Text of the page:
By Monique A. Williams | Shadow and Act April 12, 2012 at 12:01PM
Aaaaah...! There are some films that draw you in from the first frame. The type of film where you sit still, rapt, in no rush for a snack break not out of fear of missing something but fear of leaving the world you've been pulled into, one you dare not leave.
Donoma is one such film.
Set in Paris, the film interweaves the stories of a few crazy Parisians from different backgrounds just trying to understand love and life with natural-feeling dialogue. The film is heralded for its guerilla filmmaking and it certainly champions the case for abandoning hi-tech equipment for true artistry and style. No $20,000 cameras can make your film sing if it's wack, and Hatian-born fledgling director Djinn Carrenard understood this, or perhaps was fortunate and clever enough to create such a beautiful, intimate, warm film without the bells and whistles.
The three women Donoma focuses on are every bit of insane in their own rights, pushing boundaries on neuroses, and their interactions with others are hilarious and often poignant.
Spotting Dama across the subway, virgin photographer Chris invites this stranger to her home and insists on embarking on a silent relationship to strengthen the tenuous bond formed from their random sex. After weeks of charades and letter passing, there is need for a break in the silence, the catalyst of which is telling given the nature of their relationship and says much about insecurities that fantasies cannot mask. Dama's story evolves here and provides a beautiful color to the relationship that was hidden in darkness.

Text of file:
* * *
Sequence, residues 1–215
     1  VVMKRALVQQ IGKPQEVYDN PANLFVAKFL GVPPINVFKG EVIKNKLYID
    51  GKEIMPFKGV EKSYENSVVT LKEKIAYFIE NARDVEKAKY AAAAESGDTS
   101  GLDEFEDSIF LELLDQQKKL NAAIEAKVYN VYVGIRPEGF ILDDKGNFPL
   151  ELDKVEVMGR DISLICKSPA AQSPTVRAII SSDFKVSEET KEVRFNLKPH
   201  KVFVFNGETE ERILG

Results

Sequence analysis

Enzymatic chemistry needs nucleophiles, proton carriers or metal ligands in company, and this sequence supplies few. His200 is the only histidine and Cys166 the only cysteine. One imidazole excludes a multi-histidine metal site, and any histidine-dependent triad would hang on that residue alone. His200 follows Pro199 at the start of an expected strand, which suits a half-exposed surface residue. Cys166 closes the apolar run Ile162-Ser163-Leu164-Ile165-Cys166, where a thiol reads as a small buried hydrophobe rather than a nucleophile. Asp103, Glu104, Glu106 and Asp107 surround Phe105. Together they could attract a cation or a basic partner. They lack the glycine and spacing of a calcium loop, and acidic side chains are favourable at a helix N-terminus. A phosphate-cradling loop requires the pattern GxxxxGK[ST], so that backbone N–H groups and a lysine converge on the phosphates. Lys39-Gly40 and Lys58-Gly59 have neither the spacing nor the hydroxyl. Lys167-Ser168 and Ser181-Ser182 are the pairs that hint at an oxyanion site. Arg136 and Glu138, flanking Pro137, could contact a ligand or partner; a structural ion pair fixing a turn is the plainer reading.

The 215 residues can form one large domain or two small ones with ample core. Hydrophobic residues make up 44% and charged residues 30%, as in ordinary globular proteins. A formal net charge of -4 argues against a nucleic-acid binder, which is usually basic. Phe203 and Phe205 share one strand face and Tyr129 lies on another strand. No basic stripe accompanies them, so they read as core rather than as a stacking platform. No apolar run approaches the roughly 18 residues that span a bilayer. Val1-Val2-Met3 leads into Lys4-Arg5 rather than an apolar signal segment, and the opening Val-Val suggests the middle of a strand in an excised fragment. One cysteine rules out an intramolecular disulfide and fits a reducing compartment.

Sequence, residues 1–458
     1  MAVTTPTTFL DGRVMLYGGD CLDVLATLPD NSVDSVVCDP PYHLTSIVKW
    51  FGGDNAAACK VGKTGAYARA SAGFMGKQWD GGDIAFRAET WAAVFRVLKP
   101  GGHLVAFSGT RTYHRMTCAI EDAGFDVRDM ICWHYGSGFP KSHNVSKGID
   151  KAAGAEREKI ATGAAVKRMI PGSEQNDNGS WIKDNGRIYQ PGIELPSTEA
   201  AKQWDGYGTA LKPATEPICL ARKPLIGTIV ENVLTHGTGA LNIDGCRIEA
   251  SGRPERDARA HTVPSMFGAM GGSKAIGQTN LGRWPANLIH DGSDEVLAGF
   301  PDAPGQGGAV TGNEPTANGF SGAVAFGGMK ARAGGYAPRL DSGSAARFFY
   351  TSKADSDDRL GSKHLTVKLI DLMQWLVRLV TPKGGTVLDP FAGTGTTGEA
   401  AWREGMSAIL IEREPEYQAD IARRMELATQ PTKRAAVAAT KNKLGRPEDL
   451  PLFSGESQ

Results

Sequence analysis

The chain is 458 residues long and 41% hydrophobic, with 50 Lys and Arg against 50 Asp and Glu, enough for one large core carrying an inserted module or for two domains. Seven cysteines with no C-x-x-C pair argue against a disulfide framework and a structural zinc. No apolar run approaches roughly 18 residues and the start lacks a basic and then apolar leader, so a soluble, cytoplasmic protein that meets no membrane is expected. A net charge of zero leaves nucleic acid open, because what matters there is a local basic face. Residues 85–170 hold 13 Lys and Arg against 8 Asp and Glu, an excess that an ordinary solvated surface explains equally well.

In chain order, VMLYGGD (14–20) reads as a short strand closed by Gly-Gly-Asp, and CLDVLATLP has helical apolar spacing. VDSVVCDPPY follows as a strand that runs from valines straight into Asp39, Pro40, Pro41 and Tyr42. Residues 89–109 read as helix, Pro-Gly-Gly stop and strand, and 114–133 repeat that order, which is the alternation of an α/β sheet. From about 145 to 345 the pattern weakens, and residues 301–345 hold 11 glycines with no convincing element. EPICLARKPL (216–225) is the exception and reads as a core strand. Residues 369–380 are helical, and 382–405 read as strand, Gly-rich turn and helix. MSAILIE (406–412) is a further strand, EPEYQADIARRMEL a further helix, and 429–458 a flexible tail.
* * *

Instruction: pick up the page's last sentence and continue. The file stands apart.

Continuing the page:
Analia, a Spanish (as in, from Spain and teaching Espanol) teacher has the strangest of encounters with one of her insolent students, Dacio. Their interactions are disturbingly erotic peppered with crass, crude and caustic language. Love it!
The weakest of the three tales involves Dacio's girlfriend Salma. The poor little rich girl entertains conversations with his friend and her therapist about her agnosticism, while obsessing over a praying man on a train. Despite being her sister's caretaker, she wakes early to stalk the mystery man but never arrives on time to meet him on the train. Their eventual encounter is odd, creepy, and unsatisfying as well as too drawn out. It also ends the film with a bad taste in your mouth after all the peanut buttery goodness before it. Luckily, the credits come in with good music and an entertaining montage to remind us of what we enjoyed before that point.
At a little over two hours, watching Donoma feels like discovering a delightful show on Netflix and watching the whole season in an afternoon. When it's done, you're hungry for more and disappointed that there's nothing left to devour.
Hopefully, the director will give us more deliciousness to taste soon.